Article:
Mission Sunday, 23 October 2022
World Mission Day is an opportunity for us to recall that as Christians, we are all called to act as missionaries and to be witnesses of God’s love for each person. In that spirit, Pope Francis wrote his Message for this year’s World Mission Day on the theme “You shall be my witnesses” (Acts 1:8). Recently, on the occasion of World Food Day, he emphasized that “we [should] see others as our brothers and sisters, as members of the same human family, whose sufferings and needs affect us all”.
I once again spent the summer in Zambia. Nothing in Zambia bears any resemblance to Europe, and the everyday luxuries that we are used to are absent. Seeing such abject poverty and yet feeling such immense love and joy almost defies belief for us Westerners, since everything in the western world is measured based on material possessions. It is only when you are here that you can see how much material wealth we have, but unfortunately, we often can’t see this and we don’t know how to appreciate it, nor do we feel the need to share it. The difficulty and complexity of the situation in Zambia is evidenced by the fact that this year, the mission and the entire region experienced an outbreak of a scabies epidemic. Unfortunately, we did not have any medications to treat the disease, and the situation that was already difficult was further exacerbated by thousands of flies, which are everywhere and which cause additional infections. The flies covered literally the entire bodies of infected children and adults, since scratching causes wounds to open, and that attracts flies.
World Mission Day encourages us to pray every day for humility of heart, so that we would be counted as the least among us, as stated in the Gospels, and for vision of faith, which will help us recognize the face of Jesus in the poor and the suffering every day. Pope Francis reminds us that “no one must say that they cannot be close to the poor because their own lifestyle demands more attention to other areas. This is an excuse commonly heard in academic, business or professional, and even ecclesial circles… None of us can think we are exempt from concern for the poor and for social justice.” /6th World Day of the Poor/
1. The Livingstone students’ residence
The Livingstone students’ residence opened three years ago. It houses 30 poor students, which is the maximum capacity of the residence. Each student has a sponsor that pays their annual college tuition, since there is no free education offered in Zambia. The annual tuition for a single student is between 500 and 600 euros, depending on their chosen course of studies. In the residence, we cultivate an ecumenical perspective. Some of our students are Catholics, some are Anglicans, others are Protestants, but they study, work and pray together. Since there are many students who want to receive a place at our residence, the construction of another house is planned for the purpose of increasing the capacity of the students’ residence.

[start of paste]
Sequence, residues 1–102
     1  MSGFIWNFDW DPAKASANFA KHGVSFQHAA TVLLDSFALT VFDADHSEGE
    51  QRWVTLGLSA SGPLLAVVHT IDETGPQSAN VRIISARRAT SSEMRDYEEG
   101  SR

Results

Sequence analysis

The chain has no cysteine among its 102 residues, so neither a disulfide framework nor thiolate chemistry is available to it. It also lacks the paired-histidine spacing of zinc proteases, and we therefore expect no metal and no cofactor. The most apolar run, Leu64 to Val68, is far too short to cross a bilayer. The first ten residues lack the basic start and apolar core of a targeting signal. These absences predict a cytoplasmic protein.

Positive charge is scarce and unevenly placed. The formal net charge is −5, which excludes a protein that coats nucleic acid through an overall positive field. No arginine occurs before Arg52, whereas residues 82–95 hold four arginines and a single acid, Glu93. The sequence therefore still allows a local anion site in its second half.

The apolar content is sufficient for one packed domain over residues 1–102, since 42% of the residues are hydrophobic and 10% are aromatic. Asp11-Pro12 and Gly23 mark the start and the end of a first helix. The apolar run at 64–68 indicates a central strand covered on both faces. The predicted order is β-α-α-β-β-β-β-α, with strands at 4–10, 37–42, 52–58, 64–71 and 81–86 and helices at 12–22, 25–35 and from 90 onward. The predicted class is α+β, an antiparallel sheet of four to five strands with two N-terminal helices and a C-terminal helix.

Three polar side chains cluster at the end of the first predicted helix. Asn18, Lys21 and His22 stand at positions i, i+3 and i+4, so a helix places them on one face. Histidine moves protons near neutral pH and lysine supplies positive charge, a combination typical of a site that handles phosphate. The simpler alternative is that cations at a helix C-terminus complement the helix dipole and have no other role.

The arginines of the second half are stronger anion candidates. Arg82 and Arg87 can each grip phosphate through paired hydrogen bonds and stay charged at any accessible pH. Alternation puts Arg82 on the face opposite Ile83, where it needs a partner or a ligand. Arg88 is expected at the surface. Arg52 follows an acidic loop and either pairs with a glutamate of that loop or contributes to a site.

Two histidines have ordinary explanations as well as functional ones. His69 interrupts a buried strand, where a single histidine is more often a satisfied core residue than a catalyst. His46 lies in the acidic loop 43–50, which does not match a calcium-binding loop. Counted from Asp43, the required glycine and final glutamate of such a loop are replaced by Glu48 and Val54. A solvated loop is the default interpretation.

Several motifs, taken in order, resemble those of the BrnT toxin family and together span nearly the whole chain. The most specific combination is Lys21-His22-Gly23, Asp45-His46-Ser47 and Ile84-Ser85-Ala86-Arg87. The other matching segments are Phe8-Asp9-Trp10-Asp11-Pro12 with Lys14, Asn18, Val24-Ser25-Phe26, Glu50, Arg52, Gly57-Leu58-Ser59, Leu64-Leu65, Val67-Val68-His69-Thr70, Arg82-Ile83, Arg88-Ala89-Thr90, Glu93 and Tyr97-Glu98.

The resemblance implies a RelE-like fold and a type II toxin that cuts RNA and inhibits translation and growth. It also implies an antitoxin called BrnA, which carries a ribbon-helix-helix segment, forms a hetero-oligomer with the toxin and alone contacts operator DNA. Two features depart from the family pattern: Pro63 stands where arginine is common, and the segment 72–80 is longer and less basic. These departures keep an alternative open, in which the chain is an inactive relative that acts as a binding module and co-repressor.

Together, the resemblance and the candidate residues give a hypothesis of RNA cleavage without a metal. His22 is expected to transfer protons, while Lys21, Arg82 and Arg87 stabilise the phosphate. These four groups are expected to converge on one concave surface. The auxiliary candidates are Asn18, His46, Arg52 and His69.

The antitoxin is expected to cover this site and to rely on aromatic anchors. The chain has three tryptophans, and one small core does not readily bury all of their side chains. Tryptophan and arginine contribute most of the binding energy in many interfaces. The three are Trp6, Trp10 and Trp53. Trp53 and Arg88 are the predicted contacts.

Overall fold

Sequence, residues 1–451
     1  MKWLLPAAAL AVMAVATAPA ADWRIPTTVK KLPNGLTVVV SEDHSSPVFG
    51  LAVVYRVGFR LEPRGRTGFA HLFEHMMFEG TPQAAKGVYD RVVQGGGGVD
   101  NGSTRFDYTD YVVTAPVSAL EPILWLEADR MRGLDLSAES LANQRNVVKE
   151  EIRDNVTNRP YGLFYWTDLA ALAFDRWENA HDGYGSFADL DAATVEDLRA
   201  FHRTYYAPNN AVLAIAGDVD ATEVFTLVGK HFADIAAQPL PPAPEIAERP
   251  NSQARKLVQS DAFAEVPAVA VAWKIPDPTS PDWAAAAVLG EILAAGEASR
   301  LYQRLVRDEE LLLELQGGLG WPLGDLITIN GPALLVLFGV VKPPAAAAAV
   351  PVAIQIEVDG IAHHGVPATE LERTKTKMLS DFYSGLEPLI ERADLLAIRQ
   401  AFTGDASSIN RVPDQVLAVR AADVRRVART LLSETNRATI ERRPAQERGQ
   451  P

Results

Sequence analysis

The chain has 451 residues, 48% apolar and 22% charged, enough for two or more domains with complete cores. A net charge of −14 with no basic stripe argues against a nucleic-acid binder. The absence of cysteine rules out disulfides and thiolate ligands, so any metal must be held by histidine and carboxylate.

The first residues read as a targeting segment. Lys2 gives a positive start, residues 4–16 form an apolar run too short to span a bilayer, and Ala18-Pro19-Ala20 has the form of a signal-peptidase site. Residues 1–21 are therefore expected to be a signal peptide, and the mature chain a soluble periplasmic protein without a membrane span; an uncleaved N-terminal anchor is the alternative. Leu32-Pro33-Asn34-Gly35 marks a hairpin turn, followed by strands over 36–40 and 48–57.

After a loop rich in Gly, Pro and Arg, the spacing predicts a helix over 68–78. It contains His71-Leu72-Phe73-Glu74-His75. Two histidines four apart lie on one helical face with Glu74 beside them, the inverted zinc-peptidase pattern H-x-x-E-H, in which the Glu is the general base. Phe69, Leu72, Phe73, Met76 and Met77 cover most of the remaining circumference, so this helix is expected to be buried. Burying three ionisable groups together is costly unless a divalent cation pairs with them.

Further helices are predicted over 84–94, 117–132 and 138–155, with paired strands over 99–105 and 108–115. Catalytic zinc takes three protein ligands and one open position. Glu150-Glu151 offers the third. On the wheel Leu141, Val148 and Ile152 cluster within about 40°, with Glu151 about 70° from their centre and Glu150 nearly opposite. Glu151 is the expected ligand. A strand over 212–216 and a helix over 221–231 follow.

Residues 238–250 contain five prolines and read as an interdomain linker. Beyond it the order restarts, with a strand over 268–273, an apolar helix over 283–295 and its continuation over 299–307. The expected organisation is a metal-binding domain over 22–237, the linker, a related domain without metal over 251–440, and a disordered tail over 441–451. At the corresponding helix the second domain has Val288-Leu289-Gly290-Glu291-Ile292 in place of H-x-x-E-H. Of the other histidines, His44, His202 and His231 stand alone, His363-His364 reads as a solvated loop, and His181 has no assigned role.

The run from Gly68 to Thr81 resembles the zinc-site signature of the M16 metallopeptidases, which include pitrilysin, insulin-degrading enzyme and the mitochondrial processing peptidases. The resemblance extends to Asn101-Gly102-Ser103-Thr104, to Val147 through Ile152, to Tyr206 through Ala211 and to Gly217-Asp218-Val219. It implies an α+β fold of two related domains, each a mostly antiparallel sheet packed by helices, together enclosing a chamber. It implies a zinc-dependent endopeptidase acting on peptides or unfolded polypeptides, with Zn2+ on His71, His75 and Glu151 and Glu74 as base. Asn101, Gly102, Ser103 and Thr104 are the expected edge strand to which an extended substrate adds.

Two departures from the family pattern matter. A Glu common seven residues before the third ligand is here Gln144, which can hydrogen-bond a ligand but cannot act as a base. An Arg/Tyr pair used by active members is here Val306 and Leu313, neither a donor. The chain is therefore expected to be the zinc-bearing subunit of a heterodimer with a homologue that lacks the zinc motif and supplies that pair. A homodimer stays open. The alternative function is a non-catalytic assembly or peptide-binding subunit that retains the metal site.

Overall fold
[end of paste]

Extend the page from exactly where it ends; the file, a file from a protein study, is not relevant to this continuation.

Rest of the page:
2. Students’ residence in the Nawinda mission
A few days ago in the Nawinda mission, we started building the second house of our student residence complex. When construction of the house is completed, it will be named after Blessed Carlo Acutis, who passed away at the age of 15 and was beatified by Pope Francis in 2020. The first house in the complex, which houses 50 boys, was completed and opened last year. The house which we are currently building will house 50 high school girls. The goal and purpose of this project is to advocate the availability of education and healthcare for all girls, whose rights are under threat, and to encourage everyone to join the fight against discrimination, violence, arranged child marriages and other forms of oppression which girls face on a daily basis. By completing this project, we want to ensure that children in the poorest areas of Zambia have access to education and the opportunity to have a peaceful and happy childhood. The amount of 100 euros is sufficient to cover the annual costs of supporting one child. This year, we hired Mr. Inocent Siabenza to work full time as the animator and to manage the residence and take care of the children who live in it. Inocent has gained considerable experience in his eight years of work with our missionary, father Boris Dabo, who has been active in Zambia for 40 years.
3. Some fruits of our labour
In the period since our scholarship programme for students was initiated (some five or six years ago), some students have completed their studies and are now working as teachers, nurses, engineers… I am particularly pleased by the fact that nurse Justina Mebelo, whose education was paid for through our programme, returned to Nawinda after graduating from nursing school and started working in our clinic this year. I am likewise truly grateful for the new vocation in our mission. Matthias Sitati joined the seminary this year – he will become a priest in a few years, God willing.
I wish to thank everyone who follows, supports and aids the work of the Heart for Zambia Foundation. None of what we have accomplished in Zambia would have been possible without good and kind-hearted people.